#137 – INTRODUCTORY SOCIOLOGY - 2.5 CREDITS
This course incorporates the study of core sociological concepts and sociologists past and present who have influenced the discipline of sociology, as well as the study of sociological trends and issues pertinent to the lives of high school students. A variety of activities and projects, including written analysis are employed to study a variety of social problems currently existing in the United States and other world societies. Topics examined in the course are the processes used by sociologists to study human societies, changing cultural traditions, the creation and maintenance of class structures in the United States, and the development of social movements in U. S. society.
#147 – HONORS SOCIOLOGY - 2.5 CREDITS
Prerequisite: #137 Introductory Sociology
This course emphasizes the in-depth study of selected social problems inviting students to explore how social problems are interpreted by various social theorists. Course topics include socialization processes, gender relations, juvenile crime, disability, analysis of social institutions (family, education, work, religion, the mass media and others) and case studies in racial/ethnic relations. A research study is completed by each student that includes collection, interpretation and written analysis of data using methods employed by practicing sociologists. This course is available for college credit in the FDU Middle College Program.
#138 - HUMAN RIGHTS AND GENOCIDE AFTER WORLD WAR II – 2.5 CREDITS
Human rights violations and genocides did not end with the perpetrators of the Holocaust being brought to justice at the post World War II Nuremberg and Tokyo tribunals. This course builds on the introduction to human rights and global security issues studied in #127 or #129 Global Studies, as well as the 20th century genocides examined in both United States History and the the Holocaust and Human Behavior courses. The course addresses essential questions about the contemporary protection of international human rights and the continuing problem of genocide in the world community.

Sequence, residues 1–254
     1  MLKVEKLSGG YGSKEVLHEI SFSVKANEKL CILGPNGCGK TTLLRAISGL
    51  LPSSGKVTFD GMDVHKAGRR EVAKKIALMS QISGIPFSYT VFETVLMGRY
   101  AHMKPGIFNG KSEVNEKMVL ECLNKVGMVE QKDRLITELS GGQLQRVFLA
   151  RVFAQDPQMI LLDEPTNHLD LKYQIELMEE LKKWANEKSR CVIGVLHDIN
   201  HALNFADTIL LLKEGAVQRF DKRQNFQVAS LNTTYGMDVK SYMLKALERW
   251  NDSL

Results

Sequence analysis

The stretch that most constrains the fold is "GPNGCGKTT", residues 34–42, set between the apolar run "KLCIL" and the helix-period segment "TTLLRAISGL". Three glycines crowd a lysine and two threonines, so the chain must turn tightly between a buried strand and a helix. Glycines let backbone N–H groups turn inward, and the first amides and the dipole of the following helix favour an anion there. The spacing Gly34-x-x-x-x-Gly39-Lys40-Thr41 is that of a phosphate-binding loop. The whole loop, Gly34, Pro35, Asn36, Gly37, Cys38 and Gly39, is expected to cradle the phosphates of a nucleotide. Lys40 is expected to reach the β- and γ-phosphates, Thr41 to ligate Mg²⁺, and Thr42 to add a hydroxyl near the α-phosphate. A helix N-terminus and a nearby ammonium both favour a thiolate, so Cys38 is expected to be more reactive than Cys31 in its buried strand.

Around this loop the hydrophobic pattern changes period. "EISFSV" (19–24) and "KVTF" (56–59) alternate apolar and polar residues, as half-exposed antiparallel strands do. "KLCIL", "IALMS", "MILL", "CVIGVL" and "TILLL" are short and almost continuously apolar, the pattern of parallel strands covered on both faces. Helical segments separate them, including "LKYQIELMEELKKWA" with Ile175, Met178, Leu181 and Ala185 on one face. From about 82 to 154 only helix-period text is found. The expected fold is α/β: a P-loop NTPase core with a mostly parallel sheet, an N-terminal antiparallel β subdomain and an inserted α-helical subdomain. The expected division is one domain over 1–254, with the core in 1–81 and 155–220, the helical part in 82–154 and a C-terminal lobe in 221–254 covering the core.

#139 – HONORS INTRO TO WESTERN PHILOSOPHY - 2.5 CREDITS
This course is a general overview of philosophical traditions beginning with ancient times and continuing to the present. The purpose of this course is to acquaint students with the study of philosophy and its basic questions, which are relevant to all disciplines. A concentrated reading schedule structured around central questions such as, "What can we know?” “What is right?” and “Why am I here?” will allow students to analyze the writings of major philosophers and their answers to these questions as well as helping students begin to answer these questions for themselves. The course ought to be challenging to students of high academic ability. Philosophy is a course valuable to students planning to major in the humanities, and it provides opportunities to develop critical skills helpful for students entering the fields of law and medicine. This course is available for college credit in the FDU Middle College Program.
#148-HOLOCAUST & HUMAN BEHAVIOR- 2.5 CREDITS
The Holocaust is one of the turning points in human history, whose critical influence in our lives remains decades after the end of World War II. This course builds on the introduction to the Holocaust and genocide studied in US History 2, and addresses essential questions about the Holocaust and its impact on Human behavior. Among these are: the origins of the Holocaust; the role of Anti-Semitism and racism; who were the perpetrators, victims and bystanders; patterns of resistance; the response of the United States and other countries; and universal lessons for today. This course may incorporate a field trip to the U. S. Holocaust Memorial Museum in Washington DC. Students who enroll in this course and/or successfully complete it are eligible to apply for participation in the school’s Holocaust overseas study program in Poland and the Czech Republic.
#170 - GENDER STUDIES 2.5 CREDITS